I hadn't planned to write a full piece on David Bowie, limiting myself to reviving some older thoughts from 2013 on the nature of "cool" via Twitter, and slipping a couple of references into Monday's post on the impact that social media norms have had on the BBC's institutional bias, but I ended up pretty much writing one in disjointed comments elsewhere. So, in the spirit of the man himself, I have decided to rework the material: something old, something new, something borrowed and something blue.
Bowie wasn't musically innovative, but he knew a good thing when he heard it. His breakthrough came with Glam, an essentially reactionary form that revived Rock & Roll and conservative affectations in the post-1968 era. If you couldn't stand James Taylor and liked saxophones, Glam was where it was at. As with any cultural fashion, there were multiple strands at play, from Roxy Music's art-school irony via T-Tex's non-nonsense boogie to Sweet's Carry-On Popping. Bowie happily nicked ideas from all of them. Despite the retrospective claims of revolution, his theatrical "gender-bending" caused less of a fuss at the time than Marc Bolan wearing high heels with jeans (long before Eddie Izzard appropriated the look), while The Rise and Fall of Ziggy Stardust and the Spiders from Mars was, as the title suggests, an unimaginative concept album in an era of unimaginative concept albums that was saved by some great standalone songs.
Following the peak of Ziggy-mania, Bowie's mid-70s albums were patchy, still obsessed with daft concepts (Aladdin Sane, Diamond Dogs) and increasingly short of ideas (Station to Station delivered 6 tracks painfully stretched out to 38 minutes). Everyone agrees that his move to Berlin, supposedly to kick drugs but more to get off the US stadium treadmill, marked a creative renaissance, but this was less about the right time and place and more about the right people, specifically the melding of indirect influences via Iggy Pop (proto-punk), Brian Eno (German electronic music) and Robert Fripp (avant-garde noodlings). If Bowie brought anything to the party himself it was his love of Soul. His real talent was that of an impresario: a manager more than collaborator, with a shrewd assessment of others. He was a Diaghilev, not a Nijinsky.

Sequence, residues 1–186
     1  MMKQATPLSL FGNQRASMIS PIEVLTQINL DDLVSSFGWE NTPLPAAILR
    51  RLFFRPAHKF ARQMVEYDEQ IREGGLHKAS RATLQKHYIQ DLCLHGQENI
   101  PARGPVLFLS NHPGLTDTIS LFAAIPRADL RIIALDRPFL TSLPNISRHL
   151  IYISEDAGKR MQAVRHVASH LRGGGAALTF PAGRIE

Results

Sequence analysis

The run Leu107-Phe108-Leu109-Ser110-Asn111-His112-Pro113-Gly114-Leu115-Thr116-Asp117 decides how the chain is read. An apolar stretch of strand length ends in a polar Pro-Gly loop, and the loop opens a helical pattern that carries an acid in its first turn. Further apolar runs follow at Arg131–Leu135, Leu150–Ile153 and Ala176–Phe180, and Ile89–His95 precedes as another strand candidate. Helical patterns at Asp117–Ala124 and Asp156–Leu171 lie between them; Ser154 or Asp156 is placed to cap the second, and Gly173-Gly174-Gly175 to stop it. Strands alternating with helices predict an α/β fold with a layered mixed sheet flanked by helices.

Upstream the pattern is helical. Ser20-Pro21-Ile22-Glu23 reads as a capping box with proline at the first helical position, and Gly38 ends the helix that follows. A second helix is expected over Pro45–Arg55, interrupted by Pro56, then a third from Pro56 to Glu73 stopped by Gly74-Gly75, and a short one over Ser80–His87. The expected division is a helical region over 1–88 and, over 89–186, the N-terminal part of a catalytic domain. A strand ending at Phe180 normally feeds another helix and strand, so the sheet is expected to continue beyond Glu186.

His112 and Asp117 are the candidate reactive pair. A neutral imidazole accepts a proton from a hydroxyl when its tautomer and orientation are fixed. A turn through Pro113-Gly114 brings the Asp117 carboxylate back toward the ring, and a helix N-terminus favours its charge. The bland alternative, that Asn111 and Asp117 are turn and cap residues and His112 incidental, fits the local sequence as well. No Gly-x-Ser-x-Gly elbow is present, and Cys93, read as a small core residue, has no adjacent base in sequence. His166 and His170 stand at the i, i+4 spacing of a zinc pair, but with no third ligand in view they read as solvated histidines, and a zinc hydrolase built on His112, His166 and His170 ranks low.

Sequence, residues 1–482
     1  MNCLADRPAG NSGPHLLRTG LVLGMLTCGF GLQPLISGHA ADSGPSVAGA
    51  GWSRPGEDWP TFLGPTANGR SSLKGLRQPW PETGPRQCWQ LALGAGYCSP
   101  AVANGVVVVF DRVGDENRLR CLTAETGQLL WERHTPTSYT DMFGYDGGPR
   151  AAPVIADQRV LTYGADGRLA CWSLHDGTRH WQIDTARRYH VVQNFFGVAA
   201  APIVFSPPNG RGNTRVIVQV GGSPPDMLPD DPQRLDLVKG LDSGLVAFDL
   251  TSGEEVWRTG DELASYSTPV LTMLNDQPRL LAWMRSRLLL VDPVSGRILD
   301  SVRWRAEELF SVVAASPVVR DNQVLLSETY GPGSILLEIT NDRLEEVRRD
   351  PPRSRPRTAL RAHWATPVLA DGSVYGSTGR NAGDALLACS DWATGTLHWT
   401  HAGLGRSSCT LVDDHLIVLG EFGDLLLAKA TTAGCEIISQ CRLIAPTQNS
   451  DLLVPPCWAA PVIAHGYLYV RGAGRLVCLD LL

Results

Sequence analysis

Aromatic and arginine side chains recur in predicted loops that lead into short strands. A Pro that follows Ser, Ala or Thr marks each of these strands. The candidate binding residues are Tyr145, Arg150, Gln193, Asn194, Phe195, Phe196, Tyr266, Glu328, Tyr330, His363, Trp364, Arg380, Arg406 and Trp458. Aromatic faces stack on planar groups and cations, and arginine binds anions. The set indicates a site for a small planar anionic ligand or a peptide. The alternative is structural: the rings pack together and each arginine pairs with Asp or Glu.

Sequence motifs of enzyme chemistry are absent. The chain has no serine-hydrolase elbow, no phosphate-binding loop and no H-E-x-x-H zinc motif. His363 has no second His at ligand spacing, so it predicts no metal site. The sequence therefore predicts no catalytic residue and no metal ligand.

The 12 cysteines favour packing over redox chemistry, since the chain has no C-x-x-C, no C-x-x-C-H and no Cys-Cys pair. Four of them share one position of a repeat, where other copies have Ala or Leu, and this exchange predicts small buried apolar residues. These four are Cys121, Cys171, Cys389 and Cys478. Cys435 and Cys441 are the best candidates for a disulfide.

After the Berlin Trilogy (Low, Heroes, Lodger), Bowie reverted to form with patchy albums, fewer tracks and some less assured collaborations, but there were always a few gems to keep you interested until the mid-80s slough (a period he later dismissed as the "Phil Collins years"). As he turned 40, he also began to excavate his own past, both through the exploration of youthful memories (Let's Dance and Absolute Beginners) and the reworking of older songs, both his own and others, such as China Girl and Wild is the Wind. For all the emphasis of his fans on the Ziggy years (or later on Heroes the single), Bowie never lost his fascination for the music of his formative years in the late 50s and early 60s, nor his weakness for ballrooms and cocktail bar chic (it's funny to recall that Saturday Night Fever and Young Americans were both originally inspired by the dance-halls of London, not New York).
The last 30 years of his life saw little of real artistic note, though his marketing skill meant that any new release stimulated a brief frisson of hope. In the late-90s, he got aboard the zeitgeist train, launching his own Internet business and issuing Bowie Bonds. He even developed a reputation as a new media guru, correctly forecasting the impact of digital downloads on the music business: "'Music itself is going to become like running water or electricity ... You'd better be prepared for doing a lot of touring because that's really the only unique situation that's going to be left". Of course, not all his predictions were sound ("I'm fully confident that copyright, for instance, will no longer exist in 10 years"), while his forays into politics or wider social issues (e.g. his inadvertent role in founding Rock Against Racism) were foolish even by the standards of a very foolish time, but then his career was a triumph of the brand over inconsistent product releases.